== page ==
Missouri requires providers to offer an ultrasound, while Wisconsin requires a “discussion” of contraception before providing the service. South Carolina passed legislation extending an already established waiting period between receiving “counseling” and the abortion to 24 hours. Since only about 14% of U.S. counties currently provide abortion, many women have to travel out of state and with insurance funding almost outlawed across the board. Thus, these types of requirements artificially drive up the cost of the having the procedure by requiring more time away from home with lodging and meal expenses and potentially lost work time. They also artificially drive up clinic expenses.
Draconian criminal violations are being legislated against individual and institutional providers to provide what seems to me a chilling effect on these still legal, medical procedures. In Louisiana, the State is now allowed to close an abortion clinic for any violation of state or federal law, legislation that sounds alarmingly like a “zero tolerance” or a “mandatory minimum sentence” for any violation no matter how small. Providers are no longer covered by existing malpractice protections when performing an “elective” post viability abortion. Oklahoma prohibits a patient from suing a provider who fails or provide (i.e. purposely withholds information from a patient, as in situations where potential health risks of having a baby are discovered) information that leads a woman to continue the pregnancy when she otherwise might choose abortion.
The Guttmacher Institute only describes several trivial laws passed that could be interpreted as pro-abortion, none doing anything to provide safe, accessible, affordable abortions. The drumbeat of repression continues in 2011. Kansas lawmakers are drafting legislation based on a 2010 Nebraska law restricting late-term abortions to 20 weeks on the controversial claim that fetuses start feeling pain at that stage. Three other state legislatures are reportedly planning to introduce similar bills in what anti-abortion activists describe as a model to be replicated nationally. In a recent article published in the Wichita Eagle, these legislations are described as involving tightened reporting requirements for late term abortions, remedies against doctors who violate laws, and instituting provisions for the patient, husband, or parents to sue a provider who they believe violated law in a late-term abortion. The President of the Center for Reproductive Rights describes the law as “clearly unconstitutional” and not grounded “in either the Constitution or science”.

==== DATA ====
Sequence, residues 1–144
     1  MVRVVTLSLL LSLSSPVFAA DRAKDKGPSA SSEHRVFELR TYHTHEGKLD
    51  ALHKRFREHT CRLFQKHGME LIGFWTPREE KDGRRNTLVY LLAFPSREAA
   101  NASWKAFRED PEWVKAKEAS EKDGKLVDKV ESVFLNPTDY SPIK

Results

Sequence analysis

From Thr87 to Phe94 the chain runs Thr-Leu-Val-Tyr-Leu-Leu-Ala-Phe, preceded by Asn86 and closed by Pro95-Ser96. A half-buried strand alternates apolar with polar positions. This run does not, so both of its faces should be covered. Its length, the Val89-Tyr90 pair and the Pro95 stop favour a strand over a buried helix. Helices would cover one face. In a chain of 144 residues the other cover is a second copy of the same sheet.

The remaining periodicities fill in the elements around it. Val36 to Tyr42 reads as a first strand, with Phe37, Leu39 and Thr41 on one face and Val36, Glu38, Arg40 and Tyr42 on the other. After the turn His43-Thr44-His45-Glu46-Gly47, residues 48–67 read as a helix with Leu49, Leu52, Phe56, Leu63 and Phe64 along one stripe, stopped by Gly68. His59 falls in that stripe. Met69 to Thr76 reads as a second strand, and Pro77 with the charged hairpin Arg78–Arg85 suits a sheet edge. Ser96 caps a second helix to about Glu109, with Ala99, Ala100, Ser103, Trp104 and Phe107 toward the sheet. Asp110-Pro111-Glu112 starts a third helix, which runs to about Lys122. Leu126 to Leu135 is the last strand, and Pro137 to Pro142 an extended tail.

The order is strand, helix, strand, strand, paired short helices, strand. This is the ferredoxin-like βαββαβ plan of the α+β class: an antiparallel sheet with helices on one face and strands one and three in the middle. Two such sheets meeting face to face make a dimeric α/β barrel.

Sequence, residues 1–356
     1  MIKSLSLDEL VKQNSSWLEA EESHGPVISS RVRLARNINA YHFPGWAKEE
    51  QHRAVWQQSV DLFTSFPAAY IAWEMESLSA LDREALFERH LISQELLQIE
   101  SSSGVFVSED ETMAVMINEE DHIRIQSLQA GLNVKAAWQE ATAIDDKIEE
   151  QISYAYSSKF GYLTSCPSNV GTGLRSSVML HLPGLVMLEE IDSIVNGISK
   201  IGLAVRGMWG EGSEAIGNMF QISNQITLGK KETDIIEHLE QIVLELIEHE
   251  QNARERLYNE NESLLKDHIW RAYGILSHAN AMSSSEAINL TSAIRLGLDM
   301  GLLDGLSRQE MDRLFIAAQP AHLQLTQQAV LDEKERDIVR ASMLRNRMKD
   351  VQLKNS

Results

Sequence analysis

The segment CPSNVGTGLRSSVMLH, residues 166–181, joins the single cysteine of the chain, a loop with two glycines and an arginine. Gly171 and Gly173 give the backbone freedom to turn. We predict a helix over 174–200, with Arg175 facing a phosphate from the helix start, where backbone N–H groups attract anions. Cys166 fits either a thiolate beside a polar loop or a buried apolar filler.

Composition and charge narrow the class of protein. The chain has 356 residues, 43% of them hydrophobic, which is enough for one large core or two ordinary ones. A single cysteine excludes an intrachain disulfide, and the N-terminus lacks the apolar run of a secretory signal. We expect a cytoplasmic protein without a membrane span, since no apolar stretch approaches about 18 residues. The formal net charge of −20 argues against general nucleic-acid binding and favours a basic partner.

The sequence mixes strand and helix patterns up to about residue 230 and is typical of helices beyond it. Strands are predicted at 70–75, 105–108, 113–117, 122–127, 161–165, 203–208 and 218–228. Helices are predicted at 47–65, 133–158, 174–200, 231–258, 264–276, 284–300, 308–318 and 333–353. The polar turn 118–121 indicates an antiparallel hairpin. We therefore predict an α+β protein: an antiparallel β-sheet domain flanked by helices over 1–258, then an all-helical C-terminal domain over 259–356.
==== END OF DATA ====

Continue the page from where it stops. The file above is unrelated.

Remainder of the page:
At the Federal level, Indiana’s Representative Mike Pence has just introduced legislation denying funding for non-abortion reproductive procedures (abortion funding has already been eliminated) to organizations who provide abortion in their menu of reproductive services. He is brazenly admitting the legislation is targeted to reduce the number of abortions (i.e. drive out of business economically) Planned Parenthood is able to provide.
About the Guttmacher Institute
Four decades after its creation, the Guttmacher Institute continues to advance sexual and reproductive health in the United States and worldwide through an interrelated program of social science research, policy analysis and public education designed to generate new ideas, encourage enlightened public debate and promote sound policy and program development.
The Institute produces a wide range of resources on topics pertaining to sexual and reproductive health, including International Perspectives on Sexual and Reproductive Health (formerly International Family Planning Perspectives), the Guttmacher Policy Review and Perspectives on Sexual and Reproductive Health. In 2009, Guttmacher was designated an official Collaborating Center for Reproductive Health by the World Health Organization and its regional office, the Pan American Health Organization.